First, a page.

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Kong: The 8th Wonder of the World

Score: 90%
ESRB: Everyone
Publisher: Ubisoft Entertainment
Developer: Ubisoft Entertainment
Media: Cartridge/1
Players: 1
Genre: Adventure

Graphics & Sound:

The graphics in Kong: The 8th Wonder of the World are reminiscent of games like Zelda. The sprite based, top down graphics are clear and smooth and make a nice reprieve from the jagged polys that are rampant in the latest games. The only problem is redundancy as the game takes place solely on Skull Island, and you are either walking around the swampy jungle or are navigating through stark-grey caves and ruins. Also, the other part of the game, where you play as Kong in side-scroller fashion, looks a bit more rough around the edges. Despite this, it is nice to see a game using the graphical techniques that made the 16-bit era so memorable.

The sound is equally well done. The effects are strong and the music suits the scenery. Yet once again, like the graphics, the quality drops slightly when you take control of Kong. This part of the game seems very limited, as Kongís incessant ape-screams fill your speakers as you trounce the adversarial dinosaurs.


Kong: The 8th Wonder of the World is divided into two parts, though one is far more prominent and plays significantly better than the other. For the majority of the game, you will be controlling up to three people simultaneously: Ann Darrow, Jack Driscoll, and Carl Denham, the three main characters of the story. Your adventure takes place on Skull Island where Carl is trying to put together the movie of a lifetime, with Ann as the star. But if you know anything about King Kong, youíll realize that these ambitions do not turn out quite the way the participants expect.

Occasionally during the game, the characters will run into Kong as he battles the dinosaurs on the island, and at this point, you take control of him. This section of the game is very rudimentary as your only goal is to beat the crap out of the dinosaurs coming at you with nothing but your big, simian hands.

The first part of the game is where the meat of the action takes place. Here, in top down fashion, you take control of one of three characters at a time, switching between each as necessary. Each person has three different abilities that must be utilized in order to navigate the island successfully.

There are also various puzzles around the island that remind one of the consoles of old. Levers, traps, and movable boulders populate the island, and you must occasionally use the charactersí skills in conjunction with one another in order to solve the riddles. There does seem to be an overabundance of one type of puzzle (mainly using one character to move a maze of blocks), but there is a nice enough variety of them to where it never gets too old.


Kong: The 8th Wonder of the World is a game that is playable by gamers of any caliber. The difficulty ramps up smoothly, gradually introducing you to newer and more challenging tasks. The controls are simple, yet offer a lot of variety in the ways you can employ them. Although when you play as Kong, the game usually bogs down into a mess of button mashing, the rest is quite easy to pick up and offers a well laid out interface.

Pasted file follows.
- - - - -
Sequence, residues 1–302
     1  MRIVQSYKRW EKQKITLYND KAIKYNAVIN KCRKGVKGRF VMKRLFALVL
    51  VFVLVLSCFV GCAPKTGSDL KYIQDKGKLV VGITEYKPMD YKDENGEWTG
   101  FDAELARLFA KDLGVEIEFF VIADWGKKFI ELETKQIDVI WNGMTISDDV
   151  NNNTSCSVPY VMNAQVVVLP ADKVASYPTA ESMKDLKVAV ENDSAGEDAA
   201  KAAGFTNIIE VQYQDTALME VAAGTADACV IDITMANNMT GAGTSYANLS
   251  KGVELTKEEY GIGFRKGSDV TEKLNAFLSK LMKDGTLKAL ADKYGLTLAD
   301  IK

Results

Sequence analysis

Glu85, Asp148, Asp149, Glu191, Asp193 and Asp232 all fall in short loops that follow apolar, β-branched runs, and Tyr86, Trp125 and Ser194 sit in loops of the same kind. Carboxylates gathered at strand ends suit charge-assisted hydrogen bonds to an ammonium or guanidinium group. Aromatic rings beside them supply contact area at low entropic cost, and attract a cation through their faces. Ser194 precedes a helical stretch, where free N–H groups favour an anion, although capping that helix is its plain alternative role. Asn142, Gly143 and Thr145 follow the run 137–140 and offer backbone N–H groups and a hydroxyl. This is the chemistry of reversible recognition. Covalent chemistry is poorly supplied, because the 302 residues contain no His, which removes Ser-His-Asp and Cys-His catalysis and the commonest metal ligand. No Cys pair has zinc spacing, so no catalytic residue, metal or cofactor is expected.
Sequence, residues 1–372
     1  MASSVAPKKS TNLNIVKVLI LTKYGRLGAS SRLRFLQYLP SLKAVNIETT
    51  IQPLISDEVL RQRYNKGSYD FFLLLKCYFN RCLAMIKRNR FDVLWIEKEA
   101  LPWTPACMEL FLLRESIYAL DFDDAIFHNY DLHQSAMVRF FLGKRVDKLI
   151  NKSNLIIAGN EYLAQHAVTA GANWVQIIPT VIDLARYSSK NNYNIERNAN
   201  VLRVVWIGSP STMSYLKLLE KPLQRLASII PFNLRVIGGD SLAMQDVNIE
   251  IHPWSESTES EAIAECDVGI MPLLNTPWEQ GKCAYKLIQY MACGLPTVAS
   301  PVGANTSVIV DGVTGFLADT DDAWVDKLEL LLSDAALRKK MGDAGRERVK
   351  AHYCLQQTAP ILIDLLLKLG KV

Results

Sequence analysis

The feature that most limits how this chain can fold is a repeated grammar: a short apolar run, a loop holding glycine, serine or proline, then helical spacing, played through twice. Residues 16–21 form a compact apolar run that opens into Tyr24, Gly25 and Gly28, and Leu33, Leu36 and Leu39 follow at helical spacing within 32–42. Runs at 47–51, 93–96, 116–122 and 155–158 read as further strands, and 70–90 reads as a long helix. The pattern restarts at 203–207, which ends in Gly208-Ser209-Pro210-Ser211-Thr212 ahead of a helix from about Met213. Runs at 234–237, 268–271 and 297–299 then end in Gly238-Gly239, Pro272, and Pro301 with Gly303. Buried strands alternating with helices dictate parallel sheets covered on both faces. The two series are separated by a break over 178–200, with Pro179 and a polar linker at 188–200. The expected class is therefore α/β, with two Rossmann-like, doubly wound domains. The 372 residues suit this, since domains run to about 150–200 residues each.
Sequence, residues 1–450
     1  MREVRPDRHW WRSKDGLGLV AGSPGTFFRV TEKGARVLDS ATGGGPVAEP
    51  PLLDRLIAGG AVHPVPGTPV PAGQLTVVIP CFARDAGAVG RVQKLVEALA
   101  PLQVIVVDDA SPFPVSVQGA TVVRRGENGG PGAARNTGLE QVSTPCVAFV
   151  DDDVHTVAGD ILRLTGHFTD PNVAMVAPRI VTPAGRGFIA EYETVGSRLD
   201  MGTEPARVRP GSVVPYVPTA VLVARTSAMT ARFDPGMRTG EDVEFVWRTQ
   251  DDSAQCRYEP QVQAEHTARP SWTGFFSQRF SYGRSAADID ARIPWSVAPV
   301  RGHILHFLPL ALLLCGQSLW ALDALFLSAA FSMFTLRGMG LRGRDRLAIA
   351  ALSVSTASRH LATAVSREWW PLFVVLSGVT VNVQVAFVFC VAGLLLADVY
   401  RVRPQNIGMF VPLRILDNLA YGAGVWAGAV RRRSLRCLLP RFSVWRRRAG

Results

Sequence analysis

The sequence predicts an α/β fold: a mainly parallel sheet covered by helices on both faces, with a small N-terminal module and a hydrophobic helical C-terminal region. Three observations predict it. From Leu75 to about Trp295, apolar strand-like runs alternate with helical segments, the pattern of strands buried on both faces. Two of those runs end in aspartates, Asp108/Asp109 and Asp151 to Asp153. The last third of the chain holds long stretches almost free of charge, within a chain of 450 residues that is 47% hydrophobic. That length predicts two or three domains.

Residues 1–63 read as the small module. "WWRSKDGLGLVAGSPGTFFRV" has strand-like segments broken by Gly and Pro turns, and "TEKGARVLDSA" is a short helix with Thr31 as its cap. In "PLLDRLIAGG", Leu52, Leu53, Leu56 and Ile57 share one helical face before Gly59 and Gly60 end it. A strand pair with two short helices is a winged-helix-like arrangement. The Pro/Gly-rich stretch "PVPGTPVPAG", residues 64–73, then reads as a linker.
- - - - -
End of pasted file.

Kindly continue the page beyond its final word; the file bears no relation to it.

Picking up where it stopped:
Game Mechanics:

Kong: The 8th Wonder of the World plays like a lot of old 16-bit RPGs. In it, you take control of one person but lead the rest in a line behind you. You can also switch between characters or detach yourself from the group and go explore, fight an enemy, or solve a puzzle without having the other two characters interfere. The only problem with the control here (and itís more of a personal complaint than a real problem) is that although you can move diagonally, you cannot shoot diagonally. This doesnít stop you from killing your enemies, but it does make it a bit more difficult.

As you explore the island with your gang of fortune seekers, you will invariably come across different items. These items can be combined in your inventory to create various tools that the three characters can use. While at first it seems like an interesting gimmick, there are only a few different combinations and it quickly turns into a hunt for items rather than a combination experiment.

The part of the game where you control Kong is very simple; you move left and right and fight or dodge any dinosaur that comes onto the screen. Youíve got a basic punch and a powerful downward smashing attack at your fingertips, but this part of the game usually degrades into senseless button mashing. Thankfully, these encounters with Kong are few and far between.

Despite its shortcomings, Kong is what a game based on a movie should be. The developers have used a game design that works and fitted what they could of the movie into it. The result is a good game that makes me want to see the movie, as opposed to a crappy game that makes me never want to hear about the movie again, despite whether itís good or bad. Kudos to the developers on this one.

-Snow Chainz, GameVortex Communications
AKA Andrew Horwitz

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